Biggest Changes in a Decade Greet Students

September 3, 2013

Millions of students heading back to school are finding significant changes in the curriculum and battles over how teachers are evaluated, as the biggest revamps of U.S. public education in a decade work their way into classrooms, says the Wall Street Journal.

Most states are implementing tougher math and reading standards known as Common Core, while teacher evaluations increasingly are linked to student test scores or other measures of achievement. Meantime, traditional public schools face unprecedented competition from charter and private schools.

Supporters say the overhauls will help make U.S. students more competitive with pupils abroad. But others worry that the sheer volume and far-reaching nature of the new policies is too much, too fast. Already, the changes have sparked pushback.

  • North Carolina teachers marched on the state capitol last month to protest lawmakers' efforts to end automatic pay increases for teachers who obtain master's degrees and plans to let children use tax dollars to attend private schools.
  • In Texas, the birthplace of the student-testing movement, parents prodded legislators to scale back standardized testing of high schoolers.
  • And some Indiana school boards passed resolutions opposing the state's policy of giving schools letter grades from A to F after media reports showed officials tinkered with the formula in part to boost a charter school's grade.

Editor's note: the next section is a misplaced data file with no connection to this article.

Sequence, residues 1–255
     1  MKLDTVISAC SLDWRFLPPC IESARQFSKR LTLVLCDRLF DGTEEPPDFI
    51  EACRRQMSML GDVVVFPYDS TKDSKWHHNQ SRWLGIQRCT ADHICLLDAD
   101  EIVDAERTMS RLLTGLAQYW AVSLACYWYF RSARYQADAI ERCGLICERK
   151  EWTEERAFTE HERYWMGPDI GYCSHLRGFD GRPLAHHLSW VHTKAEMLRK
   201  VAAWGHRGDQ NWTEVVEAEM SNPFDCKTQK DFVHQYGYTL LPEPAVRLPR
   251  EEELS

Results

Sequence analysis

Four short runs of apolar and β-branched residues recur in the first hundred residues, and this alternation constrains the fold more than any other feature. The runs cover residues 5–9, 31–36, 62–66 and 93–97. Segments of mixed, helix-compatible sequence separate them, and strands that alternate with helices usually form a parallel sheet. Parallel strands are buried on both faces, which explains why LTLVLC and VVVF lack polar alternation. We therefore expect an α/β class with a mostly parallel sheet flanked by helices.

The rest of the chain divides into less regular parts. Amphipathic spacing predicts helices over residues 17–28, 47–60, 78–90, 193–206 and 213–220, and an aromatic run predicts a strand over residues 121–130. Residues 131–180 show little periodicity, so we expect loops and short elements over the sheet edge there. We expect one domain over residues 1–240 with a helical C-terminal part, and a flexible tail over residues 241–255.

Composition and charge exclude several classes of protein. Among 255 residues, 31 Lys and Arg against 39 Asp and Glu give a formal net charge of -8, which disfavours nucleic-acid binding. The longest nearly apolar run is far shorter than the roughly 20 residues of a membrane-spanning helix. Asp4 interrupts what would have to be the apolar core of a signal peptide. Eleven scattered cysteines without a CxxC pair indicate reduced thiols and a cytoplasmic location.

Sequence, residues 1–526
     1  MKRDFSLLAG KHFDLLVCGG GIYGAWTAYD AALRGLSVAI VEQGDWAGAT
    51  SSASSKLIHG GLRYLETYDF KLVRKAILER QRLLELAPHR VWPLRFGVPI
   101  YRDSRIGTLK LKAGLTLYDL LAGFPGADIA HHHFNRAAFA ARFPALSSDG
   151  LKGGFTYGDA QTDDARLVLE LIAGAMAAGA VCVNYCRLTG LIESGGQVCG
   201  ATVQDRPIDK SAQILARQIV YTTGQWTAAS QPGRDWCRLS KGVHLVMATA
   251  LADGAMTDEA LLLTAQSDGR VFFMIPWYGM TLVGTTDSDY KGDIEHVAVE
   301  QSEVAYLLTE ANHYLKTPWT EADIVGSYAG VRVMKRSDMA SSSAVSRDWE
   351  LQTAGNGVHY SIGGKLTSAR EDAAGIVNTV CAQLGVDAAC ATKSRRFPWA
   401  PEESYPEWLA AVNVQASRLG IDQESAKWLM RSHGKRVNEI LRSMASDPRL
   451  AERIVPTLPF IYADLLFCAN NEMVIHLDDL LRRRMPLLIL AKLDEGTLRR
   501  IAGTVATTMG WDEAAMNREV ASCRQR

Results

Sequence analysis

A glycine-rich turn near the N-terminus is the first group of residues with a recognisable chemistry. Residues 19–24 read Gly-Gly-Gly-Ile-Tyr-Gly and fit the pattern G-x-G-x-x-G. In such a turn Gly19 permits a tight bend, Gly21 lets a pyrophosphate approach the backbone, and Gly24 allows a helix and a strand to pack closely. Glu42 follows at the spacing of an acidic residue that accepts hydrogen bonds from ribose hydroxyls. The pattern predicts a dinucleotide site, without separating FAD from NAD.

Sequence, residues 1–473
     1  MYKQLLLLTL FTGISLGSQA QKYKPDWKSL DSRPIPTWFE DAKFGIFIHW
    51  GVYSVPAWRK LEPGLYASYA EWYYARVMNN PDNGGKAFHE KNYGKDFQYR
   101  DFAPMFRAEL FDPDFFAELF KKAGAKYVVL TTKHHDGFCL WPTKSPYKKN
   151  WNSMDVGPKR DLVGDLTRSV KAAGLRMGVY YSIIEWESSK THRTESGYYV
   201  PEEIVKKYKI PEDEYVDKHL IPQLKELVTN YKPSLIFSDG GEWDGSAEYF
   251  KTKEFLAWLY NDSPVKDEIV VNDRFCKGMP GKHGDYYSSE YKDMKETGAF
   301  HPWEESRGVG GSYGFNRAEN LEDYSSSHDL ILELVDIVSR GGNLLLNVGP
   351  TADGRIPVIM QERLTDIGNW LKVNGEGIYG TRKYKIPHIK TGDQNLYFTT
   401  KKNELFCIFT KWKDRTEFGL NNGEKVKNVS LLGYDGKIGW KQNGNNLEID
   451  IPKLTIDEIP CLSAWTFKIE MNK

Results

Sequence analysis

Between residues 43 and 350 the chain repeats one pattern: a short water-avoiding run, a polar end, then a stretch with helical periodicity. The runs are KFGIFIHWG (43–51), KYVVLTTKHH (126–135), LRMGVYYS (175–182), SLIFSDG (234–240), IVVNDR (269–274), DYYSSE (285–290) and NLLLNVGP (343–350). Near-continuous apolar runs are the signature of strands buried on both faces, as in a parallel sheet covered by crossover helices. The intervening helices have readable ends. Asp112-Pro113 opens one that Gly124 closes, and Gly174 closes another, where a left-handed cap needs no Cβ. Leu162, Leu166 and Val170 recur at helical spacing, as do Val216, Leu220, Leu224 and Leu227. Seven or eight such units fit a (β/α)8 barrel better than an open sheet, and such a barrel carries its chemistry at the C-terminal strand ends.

Randi Weingarten, head of the American Federation of Teachers, the nation's second largest teachers union, predicted more turmoil as many states plan to roll out tougher standardized exams in 2015.

The last few years have seen dramatic changes in the U.S. education system, chiefly spurred by Republican governors and President Barack Obama. The president's Race to the Top education initiative offered $4.35 billion to cash-starved states to adopt policies such as linking test scores to teacher evaluations and expanding charter schools, which are public schools run by outside groups.

  • Meantime, 45 states and the District of Columbia have adopted the Common Core math and language arts standards, which lay out what students should know at each grade level.
  • More than 40 states have agreed to link teacher evaluations to test scores or other student achievement measures, and four plan to rescind the licenses of some teachers who fail to make the grade.

Source: Stephanie Banchero and Arian Campo-Flores, "Biggest Changes in a Decade Greet Students," Wall Street Journal, August 26, 2013.

 

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